Wednesday, April 5, 2017


 There's been a lot of talk in social sciences lately about the growth mindset versus a fixed mindset. The idea is that if you have a growth mindset, you feel like you are capable of changing and developing new skills. A fixed mindset suggests that you can only be what you're already good at.

The subject comes up a lot in education, and I've become particularly aware of it as I try to teach my children various skills, like math and reading. Consider the difference between saying, "You did a great job. You're so smart" and "You did a great job. You worked really hard." Smartness feels static. Either you are or you aren't. So if that's why you did a good job, then there's little point in trying and persisting even when you fail at first.

I have loved applying this perspective to teaching my children because I think it's crucial for them to realize that struggling with a concept now doesn't mean they always will. Today my child was in tears over skip counting, poor dear, so we stopped and I reminded her of how far she'd come. I turned to there beginning of her math book and talked about how she's started out just counting objects and circling the correct number. Now she does basic addition, can count and write large numbers fairly well, and has better number sense than she realizes.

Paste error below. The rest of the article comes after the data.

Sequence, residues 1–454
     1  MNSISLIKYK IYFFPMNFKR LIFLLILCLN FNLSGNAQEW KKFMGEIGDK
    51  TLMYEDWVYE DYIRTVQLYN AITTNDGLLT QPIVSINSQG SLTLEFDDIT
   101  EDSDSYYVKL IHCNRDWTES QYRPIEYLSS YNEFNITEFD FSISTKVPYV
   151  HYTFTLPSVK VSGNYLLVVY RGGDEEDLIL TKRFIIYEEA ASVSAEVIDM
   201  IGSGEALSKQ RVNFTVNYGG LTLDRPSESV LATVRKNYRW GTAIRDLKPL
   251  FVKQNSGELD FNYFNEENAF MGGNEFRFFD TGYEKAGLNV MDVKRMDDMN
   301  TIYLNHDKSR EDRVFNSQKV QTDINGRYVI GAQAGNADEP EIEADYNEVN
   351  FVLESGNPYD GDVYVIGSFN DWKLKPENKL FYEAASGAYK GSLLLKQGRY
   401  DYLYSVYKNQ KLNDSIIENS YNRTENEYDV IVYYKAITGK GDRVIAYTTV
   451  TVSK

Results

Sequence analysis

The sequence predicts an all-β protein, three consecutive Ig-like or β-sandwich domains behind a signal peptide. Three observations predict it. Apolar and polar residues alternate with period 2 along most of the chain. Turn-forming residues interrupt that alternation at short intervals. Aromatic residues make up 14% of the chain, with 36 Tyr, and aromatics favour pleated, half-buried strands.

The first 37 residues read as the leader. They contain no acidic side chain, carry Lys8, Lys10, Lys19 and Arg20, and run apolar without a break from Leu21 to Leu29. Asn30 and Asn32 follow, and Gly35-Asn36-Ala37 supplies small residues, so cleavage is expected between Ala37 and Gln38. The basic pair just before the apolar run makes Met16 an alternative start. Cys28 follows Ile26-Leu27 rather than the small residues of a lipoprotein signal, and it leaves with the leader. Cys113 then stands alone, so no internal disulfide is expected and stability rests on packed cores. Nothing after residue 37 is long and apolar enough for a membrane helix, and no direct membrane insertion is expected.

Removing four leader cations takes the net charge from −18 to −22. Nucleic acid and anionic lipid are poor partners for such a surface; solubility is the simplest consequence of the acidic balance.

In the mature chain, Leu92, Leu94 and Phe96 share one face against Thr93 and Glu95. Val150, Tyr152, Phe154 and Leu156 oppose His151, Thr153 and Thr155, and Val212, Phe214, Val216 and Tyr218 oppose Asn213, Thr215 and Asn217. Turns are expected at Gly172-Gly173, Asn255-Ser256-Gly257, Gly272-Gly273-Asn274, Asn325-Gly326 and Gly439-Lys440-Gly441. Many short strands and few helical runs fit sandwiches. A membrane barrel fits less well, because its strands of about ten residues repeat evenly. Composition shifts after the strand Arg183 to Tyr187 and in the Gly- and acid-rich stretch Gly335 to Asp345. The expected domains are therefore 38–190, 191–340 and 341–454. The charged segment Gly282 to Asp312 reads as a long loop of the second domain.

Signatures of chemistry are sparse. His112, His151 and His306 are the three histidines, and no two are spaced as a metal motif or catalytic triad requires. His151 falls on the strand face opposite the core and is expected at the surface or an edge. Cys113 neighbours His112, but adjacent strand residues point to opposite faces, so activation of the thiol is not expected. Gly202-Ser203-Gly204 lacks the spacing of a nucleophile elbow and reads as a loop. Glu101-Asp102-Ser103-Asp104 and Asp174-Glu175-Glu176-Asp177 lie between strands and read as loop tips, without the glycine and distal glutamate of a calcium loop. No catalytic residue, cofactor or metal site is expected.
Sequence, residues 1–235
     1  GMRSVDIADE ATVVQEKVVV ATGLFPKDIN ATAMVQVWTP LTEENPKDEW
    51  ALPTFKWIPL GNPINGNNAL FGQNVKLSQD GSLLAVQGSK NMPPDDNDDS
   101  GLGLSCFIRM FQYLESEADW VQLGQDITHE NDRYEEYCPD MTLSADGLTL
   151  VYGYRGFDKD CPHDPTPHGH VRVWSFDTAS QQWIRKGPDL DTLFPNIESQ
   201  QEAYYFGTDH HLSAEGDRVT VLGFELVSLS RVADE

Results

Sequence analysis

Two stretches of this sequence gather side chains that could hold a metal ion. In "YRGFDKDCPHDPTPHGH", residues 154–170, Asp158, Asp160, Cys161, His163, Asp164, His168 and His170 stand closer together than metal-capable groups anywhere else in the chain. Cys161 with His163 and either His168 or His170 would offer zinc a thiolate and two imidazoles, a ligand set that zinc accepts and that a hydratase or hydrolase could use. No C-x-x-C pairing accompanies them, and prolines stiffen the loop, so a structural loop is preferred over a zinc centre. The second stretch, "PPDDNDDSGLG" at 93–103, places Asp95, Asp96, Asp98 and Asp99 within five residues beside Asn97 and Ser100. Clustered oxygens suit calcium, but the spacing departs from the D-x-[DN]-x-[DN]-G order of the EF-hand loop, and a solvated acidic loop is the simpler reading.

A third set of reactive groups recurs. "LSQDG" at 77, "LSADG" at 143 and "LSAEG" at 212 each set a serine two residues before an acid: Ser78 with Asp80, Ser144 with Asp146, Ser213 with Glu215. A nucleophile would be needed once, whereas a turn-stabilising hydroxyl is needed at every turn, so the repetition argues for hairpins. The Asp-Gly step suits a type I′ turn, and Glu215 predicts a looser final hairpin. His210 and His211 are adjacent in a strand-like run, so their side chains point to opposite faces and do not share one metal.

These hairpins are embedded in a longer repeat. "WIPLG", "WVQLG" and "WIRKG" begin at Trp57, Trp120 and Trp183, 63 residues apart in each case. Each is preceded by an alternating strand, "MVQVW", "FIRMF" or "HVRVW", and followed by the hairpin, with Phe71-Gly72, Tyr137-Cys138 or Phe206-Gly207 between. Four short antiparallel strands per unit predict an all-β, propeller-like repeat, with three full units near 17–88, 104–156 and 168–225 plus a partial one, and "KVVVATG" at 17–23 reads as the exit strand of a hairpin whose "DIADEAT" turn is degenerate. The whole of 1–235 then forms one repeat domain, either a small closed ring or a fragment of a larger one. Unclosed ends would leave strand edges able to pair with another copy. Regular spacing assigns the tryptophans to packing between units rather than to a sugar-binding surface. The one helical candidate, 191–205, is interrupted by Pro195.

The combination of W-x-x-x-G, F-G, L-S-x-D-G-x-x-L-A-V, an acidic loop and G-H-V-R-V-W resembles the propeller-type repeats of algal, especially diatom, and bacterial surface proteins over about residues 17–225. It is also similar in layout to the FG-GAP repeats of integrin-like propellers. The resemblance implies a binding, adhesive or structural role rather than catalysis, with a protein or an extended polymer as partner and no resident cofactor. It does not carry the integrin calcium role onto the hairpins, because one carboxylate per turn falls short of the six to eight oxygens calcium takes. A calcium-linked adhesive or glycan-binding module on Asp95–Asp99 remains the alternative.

When we turned back to those first pages, though, and talked about how far she'd come, I could see her visibly begin to relax. She really needed to see that she was growing and improving. Once she saw that, I think it helped click for her that she could keep going.

We talk about this perspective with teaching children, but I wonder how well we apply it to ourselves. When I look back at old writing of mine, I'm far more likely to cringe than to say, "Look how far I've come!" When we think about what we're good at now, do we think we'll never be good in any other areas? Or do we look at our weak areas and see opportunities for growth?


  1. This is an ponderable perspective. I like "You worked really hard" better than "You're so smart." My daughter and I have encouraged her children to "Do your best work." Whatever they do, if it's what they consider their best, they've succeeded. I don't know how that'll work out long term. Thanks for the article!



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